|The Baroness had a nice cup of tea with Chinese PM Wen Jiabao. "She provided no details about individual issues or cases raised, nor did she clarify what other steps may have been proposed to better defend human rights."|
Human Rights Watch wants the European Union to "demonstrate its new commitment to protect and promote human rights around the world" at the EU-China summit, which is due to begin on Thursday:
“China is often a litmus test for other governments’ willingness to raise human rights,” said Sophie Richardson, China director. The upcoming summit presents an ideal opportunity to reverse a legacy of EU reticence in addressing human rights concerns with Chinese officials.”
With the adoption on June 25, 2012, of a landmark human rights package, EU foreign ministers pledged that human rights, democracy, and rule of law will be promoted “in all areas of the EU's external actions without exception” and that the EU will “place human rights at the center of its relations with all third countries including strategic partners.”At that time, Human Rights Watch said that the test of this commitment would be whether the EU would follow through with its promise to throw its “full weight behind advocates of liberty, democracy, and human rights throughout the world.”
It is of course good that Human Rights Watch reminds the European Union about its responsibility to follow up on its new "landmark human rights package". However, HRW´s Sophie Richardson must know that the EU is not going honor its commitments with regard to human rights in China.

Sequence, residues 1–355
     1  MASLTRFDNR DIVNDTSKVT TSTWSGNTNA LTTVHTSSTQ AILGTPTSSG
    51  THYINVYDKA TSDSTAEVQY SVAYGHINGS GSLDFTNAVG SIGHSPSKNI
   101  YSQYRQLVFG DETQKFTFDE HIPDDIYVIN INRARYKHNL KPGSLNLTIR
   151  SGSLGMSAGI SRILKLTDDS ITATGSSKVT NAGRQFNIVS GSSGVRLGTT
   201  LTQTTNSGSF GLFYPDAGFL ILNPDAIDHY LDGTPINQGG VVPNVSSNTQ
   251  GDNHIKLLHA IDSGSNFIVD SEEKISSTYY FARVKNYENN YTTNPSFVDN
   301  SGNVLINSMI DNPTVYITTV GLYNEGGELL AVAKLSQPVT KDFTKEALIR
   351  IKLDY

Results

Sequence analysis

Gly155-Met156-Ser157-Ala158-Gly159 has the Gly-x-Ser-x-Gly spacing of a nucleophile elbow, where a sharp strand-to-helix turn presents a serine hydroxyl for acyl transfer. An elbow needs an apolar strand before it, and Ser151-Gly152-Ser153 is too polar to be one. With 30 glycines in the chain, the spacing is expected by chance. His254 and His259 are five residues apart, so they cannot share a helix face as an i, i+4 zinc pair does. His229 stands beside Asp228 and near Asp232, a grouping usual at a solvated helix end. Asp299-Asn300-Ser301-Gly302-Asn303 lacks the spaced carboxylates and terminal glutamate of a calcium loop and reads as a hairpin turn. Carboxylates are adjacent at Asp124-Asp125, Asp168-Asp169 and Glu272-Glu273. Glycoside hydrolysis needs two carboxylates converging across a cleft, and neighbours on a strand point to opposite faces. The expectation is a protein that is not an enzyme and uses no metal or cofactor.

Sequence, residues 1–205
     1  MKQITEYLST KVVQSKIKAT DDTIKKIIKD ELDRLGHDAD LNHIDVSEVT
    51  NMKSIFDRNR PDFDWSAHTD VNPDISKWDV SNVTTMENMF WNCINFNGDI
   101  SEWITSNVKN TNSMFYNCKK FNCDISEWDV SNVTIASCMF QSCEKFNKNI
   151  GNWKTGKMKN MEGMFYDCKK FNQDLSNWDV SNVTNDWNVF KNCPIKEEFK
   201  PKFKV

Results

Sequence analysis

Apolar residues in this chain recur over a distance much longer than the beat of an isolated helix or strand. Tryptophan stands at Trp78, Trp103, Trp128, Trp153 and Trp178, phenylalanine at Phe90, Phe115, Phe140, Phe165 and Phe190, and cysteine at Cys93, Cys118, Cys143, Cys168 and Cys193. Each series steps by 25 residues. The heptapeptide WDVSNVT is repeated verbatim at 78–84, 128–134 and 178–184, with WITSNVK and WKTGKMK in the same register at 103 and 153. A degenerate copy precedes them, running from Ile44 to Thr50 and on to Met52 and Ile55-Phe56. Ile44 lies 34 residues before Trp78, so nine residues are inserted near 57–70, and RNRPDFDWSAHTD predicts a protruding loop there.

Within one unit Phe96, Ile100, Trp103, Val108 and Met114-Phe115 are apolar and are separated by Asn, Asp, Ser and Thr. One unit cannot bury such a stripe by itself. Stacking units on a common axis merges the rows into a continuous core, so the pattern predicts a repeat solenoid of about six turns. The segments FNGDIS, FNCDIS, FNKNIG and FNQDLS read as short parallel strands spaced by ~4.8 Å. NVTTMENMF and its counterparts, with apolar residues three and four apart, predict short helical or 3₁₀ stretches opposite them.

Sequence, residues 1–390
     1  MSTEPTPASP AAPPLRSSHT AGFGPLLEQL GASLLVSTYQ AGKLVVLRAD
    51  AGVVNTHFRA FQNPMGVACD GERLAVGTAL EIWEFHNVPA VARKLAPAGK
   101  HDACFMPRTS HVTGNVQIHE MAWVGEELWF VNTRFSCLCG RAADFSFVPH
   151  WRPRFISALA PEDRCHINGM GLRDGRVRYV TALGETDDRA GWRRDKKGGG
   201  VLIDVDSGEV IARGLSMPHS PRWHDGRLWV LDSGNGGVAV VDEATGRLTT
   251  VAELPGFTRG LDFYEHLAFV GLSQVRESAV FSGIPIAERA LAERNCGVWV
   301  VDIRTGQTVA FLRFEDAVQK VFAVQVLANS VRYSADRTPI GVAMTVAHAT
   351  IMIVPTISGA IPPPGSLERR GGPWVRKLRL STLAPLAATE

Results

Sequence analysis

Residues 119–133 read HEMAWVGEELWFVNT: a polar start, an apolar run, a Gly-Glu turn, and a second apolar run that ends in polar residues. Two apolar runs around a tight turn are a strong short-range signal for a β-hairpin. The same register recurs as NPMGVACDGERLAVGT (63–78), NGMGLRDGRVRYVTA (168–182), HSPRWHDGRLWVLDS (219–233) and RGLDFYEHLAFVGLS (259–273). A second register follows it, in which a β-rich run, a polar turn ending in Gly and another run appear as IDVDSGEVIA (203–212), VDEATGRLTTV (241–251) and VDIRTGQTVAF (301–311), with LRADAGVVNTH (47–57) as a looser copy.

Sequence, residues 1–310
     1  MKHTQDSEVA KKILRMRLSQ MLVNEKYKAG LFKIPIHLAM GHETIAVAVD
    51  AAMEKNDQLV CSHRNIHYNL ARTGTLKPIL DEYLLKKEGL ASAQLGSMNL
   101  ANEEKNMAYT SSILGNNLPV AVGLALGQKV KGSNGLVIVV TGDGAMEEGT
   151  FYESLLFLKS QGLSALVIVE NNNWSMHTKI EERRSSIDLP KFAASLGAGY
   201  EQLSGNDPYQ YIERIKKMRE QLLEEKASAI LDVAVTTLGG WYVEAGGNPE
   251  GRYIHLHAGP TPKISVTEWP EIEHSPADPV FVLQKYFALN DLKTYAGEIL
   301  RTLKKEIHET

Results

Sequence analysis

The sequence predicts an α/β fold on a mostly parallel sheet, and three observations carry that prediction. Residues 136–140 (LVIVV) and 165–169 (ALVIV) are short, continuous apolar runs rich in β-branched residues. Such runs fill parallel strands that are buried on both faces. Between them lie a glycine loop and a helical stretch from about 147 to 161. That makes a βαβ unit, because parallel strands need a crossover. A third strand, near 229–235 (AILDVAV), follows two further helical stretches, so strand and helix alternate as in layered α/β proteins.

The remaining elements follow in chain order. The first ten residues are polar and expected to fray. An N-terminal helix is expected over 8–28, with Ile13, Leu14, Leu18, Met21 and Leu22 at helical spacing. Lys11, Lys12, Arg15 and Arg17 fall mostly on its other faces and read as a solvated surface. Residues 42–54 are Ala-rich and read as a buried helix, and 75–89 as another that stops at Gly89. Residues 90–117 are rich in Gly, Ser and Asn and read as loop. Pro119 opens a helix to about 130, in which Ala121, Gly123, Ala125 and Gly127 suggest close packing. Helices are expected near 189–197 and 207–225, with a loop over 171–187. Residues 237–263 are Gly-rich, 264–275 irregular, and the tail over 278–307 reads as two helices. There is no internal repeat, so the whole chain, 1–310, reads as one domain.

There is more than enough of evidence that human rights are put on the backburner when EU leaders meet with their Chinese counterparts. We saw that happen when German Chancellor Angela Merkel recently was in China (on a kowtowing trip). And Sophie Richardson herself tells us about the way Baroness Ashton dealt with human rights and democracy questions on her last visit to Beijing:
On June 26, 2012, however, following the conclusion of the 3rd High-Level EU-China Strategic Dialogue, the joint dialogue communique made no reference to human rights. In her public remarks, the EU’s High Representative for Foreign Affairs and Security Policy, Catherine Ashton, noted “a good exchange on our respective views on human rights issues. We covered individual rights, the protection of vulnerable groups, the importance of the rule of law.” She provided no details about individual issues or cases raised, nor did she clarify what other steps may have been proposed to better defend human rights.
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